After Maine’s election commission began, in October 2009, investigating Stand for Marriage Maine for possible campaign finance violations, NOM brought a lawsuit challenging the state’s campaign finance laws and stopped funding Stand for Marriage Maine. Instead, in June 2012, NOM started a new political action committee, NOM Maine PAC. Brian Brown was registered as the treasurer, principal officer, primary fund-raiser and decision-maker; no other person was listed. NOM Maine PAC received all of its income—nearly $1.1 million—from NOM. Its only function was to donate to the anti-equality campaign Protect Marriage Maine, which received nearly all of its funds — $1.1 million out of about $1.5 million—from NOM Maine PAC. (As of January 2013, a Google search for “Stand for Marriage Maine” took you directly to the website of Protect Marriage Maine. The website was taken down shortly after Brian Brown was interviewed for this article.)
The Maine campaign was the most closely controlled by NOM. For the other three 2012 marriage campaigns, NOM donated close to half of the state group’s budget, and then Frank Schubert, NOM’s handpicked strategist, took in upwards of three quarters of the group’s budget to run the campaign and to spend on media buys. For instance, NOM contributed $1.2 million, or roughly 50%, of the Maryland Marriage Alliance’s total income. Then most of Maryland Marriage Alliance’s expenditures went to Frank Schubert’s Mission Public Affairs — 87%, or more than $2 million of its total expenditures of $2.37 million. In Washington State, NOM contributed $1.26 million, 45% of Preserve Marriage Washington’s total income. Schubert’s Mission Public Affairs ran the campaign, receiving 78% of Preserve Marriage Washington’s total expenditures, or just over $2.1 million. Finally, in Minnesota, NOM contributed just under $1.5 million, or 44% of Minnesota for Marriage’s total intake. Mission Public Affairs handled the Minnesota campaign as well, receiving 74% of Minnesota for Marriage’s total expenditures, or about $3.4 million. For all three campaigns, Brown’s other group, the online fund-raising operation ActRight.com, handled such efforts as legal, website, and other consulting, and managed online donations.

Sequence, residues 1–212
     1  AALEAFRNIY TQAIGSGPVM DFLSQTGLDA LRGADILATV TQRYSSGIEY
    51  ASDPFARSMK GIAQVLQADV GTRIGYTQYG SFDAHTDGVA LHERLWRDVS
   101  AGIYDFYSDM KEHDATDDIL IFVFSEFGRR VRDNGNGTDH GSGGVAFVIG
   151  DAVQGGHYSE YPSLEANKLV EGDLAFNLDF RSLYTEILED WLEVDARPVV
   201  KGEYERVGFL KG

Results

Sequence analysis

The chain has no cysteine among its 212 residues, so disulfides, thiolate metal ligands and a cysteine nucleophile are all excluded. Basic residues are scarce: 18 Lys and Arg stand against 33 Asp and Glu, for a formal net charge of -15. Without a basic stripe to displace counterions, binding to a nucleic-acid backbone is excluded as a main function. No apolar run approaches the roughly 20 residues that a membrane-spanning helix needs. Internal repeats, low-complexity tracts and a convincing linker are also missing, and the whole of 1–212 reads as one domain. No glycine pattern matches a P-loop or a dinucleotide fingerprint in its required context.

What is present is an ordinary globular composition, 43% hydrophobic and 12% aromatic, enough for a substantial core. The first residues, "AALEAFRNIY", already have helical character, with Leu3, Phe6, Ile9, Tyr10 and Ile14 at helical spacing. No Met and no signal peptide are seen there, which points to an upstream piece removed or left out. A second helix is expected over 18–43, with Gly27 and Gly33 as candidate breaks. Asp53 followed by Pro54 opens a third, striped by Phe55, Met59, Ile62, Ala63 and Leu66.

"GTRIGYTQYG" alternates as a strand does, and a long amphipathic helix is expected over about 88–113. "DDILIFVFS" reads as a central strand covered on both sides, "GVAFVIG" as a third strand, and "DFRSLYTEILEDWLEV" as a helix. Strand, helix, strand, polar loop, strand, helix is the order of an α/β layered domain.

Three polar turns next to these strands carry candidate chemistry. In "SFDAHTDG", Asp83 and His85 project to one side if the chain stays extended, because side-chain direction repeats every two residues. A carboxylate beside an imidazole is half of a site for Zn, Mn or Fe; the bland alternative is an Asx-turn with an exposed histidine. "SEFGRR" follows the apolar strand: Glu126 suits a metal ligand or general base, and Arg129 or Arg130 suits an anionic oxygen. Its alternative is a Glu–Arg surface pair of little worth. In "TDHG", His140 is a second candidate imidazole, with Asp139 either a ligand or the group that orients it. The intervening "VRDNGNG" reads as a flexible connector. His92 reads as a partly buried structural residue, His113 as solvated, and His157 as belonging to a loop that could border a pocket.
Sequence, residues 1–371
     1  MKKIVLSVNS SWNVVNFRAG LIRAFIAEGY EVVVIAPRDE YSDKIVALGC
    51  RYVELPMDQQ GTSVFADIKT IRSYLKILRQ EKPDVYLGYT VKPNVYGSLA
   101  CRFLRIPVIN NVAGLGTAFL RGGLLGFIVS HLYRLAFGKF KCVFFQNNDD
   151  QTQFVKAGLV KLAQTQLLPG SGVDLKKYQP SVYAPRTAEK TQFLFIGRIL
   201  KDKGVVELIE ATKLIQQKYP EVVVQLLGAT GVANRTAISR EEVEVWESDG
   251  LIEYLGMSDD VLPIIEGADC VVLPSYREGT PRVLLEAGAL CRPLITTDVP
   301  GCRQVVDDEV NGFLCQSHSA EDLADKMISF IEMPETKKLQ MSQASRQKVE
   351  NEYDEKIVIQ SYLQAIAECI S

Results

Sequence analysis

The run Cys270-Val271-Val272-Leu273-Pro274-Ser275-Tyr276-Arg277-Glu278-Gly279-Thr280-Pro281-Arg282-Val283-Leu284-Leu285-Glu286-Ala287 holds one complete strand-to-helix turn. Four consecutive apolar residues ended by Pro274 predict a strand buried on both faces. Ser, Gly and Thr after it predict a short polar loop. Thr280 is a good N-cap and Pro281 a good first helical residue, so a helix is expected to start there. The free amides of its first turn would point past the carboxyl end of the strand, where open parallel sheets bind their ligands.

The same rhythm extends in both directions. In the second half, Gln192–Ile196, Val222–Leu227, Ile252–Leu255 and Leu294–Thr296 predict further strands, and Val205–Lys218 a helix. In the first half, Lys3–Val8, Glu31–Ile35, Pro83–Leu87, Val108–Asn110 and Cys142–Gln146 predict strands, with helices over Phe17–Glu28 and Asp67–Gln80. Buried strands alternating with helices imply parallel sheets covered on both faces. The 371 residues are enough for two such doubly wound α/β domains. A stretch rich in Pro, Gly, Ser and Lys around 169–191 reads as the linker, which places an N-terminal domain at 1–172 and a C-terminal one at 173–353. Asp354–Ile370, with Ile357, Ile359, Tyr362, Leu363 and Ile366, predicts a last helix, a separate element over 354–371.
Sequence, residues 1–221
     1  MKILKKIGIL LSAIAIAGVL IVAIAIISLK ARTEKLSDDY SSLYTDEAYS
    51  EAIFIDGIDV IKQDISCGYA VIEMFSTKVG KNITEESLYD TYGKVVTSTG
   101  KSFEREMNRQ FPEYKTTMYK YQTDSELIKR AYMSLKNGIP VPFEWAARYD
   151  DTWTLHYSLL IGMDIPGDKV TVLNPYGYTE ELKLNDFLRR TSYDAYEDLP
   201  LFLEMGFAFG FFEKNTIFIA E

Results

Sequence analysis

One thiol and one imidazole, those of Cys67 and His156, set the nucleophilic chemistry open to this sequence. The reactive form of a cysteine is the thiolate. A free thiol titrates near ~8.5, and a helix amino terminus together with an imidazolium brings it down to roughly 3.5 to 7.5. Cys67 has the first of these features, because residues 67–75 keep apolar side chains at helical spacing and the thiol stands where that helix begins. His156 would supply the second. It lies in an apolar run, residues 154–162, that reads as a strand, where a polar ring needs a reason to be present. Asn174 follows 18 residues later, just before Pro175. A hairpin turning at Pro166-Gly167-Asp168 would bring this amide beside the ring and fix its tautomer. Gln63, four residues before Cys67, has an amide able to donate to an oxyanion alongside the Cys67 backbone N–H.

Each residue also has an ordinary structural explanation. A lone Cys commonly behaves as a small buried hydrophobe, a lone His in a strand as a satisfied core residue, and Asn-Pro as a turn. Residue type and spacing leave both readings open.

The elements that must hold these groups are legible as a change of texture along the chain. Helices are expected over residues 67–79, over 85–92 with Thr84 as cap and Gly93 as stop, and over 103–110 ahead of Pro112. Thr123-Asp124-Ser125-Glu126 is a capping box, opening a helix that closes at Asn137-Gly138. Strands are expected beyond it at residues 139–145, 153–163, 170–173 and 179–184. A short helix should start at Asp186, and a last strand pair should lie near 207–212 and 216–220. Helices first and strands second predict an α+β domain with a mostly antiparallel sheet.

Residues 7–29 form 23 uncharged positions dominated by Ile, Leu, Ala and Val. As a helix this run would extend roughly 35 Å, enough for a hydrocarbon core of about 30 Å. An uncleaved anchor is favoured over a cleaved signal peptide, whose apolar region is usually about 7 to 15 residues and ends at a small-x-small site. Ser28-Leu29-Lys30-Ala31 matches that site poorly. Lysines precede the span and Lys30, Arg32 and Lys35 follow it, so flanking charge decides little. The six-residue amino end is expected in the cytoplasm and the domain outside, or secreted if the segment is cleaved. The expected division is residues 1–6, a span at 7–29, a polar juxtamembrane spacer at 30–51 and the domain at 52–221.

For their $8.7 million those four states received virtually identical campaigns. The four campaigns’ television ads can be run side by side, overlapping, and be entirely comprehensible, hitting the same points in the same order. A couple of the websites are nearly identical; two others are slightly more customized, but still recognizably in the same group. (See sidebar on page 45.) And NOM’s two major donors knew that NOM would be paying Frank Schubert to run the same campaign in four states.
In contrast with NOM’s relationship to its local groups, both Freedom to Marry and the Human Rights Campaign are important members of the local coalitions fighting for marriage equality — but neither is ever the primary coalition member or funder. FTM and HRC both do channel some money, staff, donors, and research to each of their local partners. But big donors — including New York City mayor Michael Bloomberg, who gave upwards of $125,000 to three of the four campaigns — are listed as individuals. Each local group ran its campaign differently. Television spots and websites were produced locally, telling local folks’ stories. The door-knocking volunteers were local. In Maryland, HRC’s biggest in-kind donation was to loan a staff member, Kevin Nix, to direct the Marylanders for Marriage Equality campaign, but all the campaign directors in other states were local hires.
FTM and HRC had undeniable influence on local efforts. Freedom to Marry’s executive director, Evan Wolfson, is a master strategist, influential and persuasive, and has worked very hard over the years to find ways to help the many factions of the same-sex marriage and LGBT advocacy movements work together effectively. Over the past few years, national FTM coordinated donations and research from such groups as the Williams Institute, Third Way, HRC, and a host of pollsters and public opinion experts, carefully investigating what it would take to help the next tier of undecided voters make the leap into supporting marriage equality. FTM consulted closely with the four state campaigns during 2012 and held a weekly coordinating call so that groups in Maine, Maryland, Minnesota, and Washington could discuss tactics and strategies, compare what worked and what did not, learn from FTM’s research, and discuss fund-raising efforts. Many believe this coordinated research and messaging were what made the difference in 2012, pushing us over into the win column.